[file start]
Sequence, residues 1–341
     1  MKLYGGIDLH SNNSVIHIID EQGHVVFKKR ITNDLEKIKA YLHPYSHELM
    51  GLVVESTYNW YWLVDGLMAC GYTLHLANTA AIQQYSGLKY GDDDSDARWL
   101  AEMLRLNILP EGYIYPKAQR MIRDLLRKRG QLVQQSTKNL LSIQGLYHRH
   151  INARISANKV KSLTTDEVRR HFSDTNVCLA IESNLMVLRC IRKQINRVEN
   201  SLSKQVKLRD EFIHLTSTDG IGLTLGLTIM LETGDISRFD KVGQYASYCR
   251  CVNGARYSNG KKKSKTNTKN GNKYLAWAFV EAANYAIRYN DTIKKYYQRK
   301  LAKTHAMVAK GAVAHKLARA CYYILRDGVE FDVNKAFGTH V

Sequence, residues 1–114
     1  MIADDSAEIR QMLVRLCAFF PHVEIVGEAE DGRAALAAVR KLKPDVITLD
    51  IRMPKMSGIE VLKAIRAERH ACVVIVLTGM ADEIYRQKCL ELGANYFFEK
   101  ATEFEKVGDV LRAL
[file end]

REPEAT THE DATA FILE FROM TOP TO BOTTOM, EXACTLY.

Sequence, residues 1–341
     1  MKLYGGIDLH SNNSVIHIID EQGHVVFKKR ITNDLEKIKA YLHPYSHELM
    51  GLVVESTYNW YWLVDGLMAC GYTLHLANTA AIQQYSGLKY GDDDSDARWL
   101  AEMLRLNILP EGYIYPKAQR MIRDLLRKRG QLVQQSTKNL LSIQGLYHRH
   151  INARISANKV KSLTTDEVRR HFSDTNVCLA IESNLMVLRC IRKQINRVEN
   201  SLSKQVKLRD EFIHLTSTDG IGLTLGLTIM LETGDISRFD KVGQYASYCR
   251  CVNGARYSNG KKKSKTNTKN GNKYLAWAFV EAANYAIRYN DTIKKYYQRK
   301  LAKTHAMVAK GAVAHKLARA CYYILRDGVE FDVNKAFGTH V

Sequence, residues 1–114
     1  MIADDSAEIR QMLVRLCAFF PHVEIVGEAE DGRAALAAVR KLKPDVITLD
    51  IRMPKMSGIE VLKAIRAERH ACVVIVLTGM ADEIYRQKCL ELGANYFFEK
   101  ATEFEKVGDV LRAL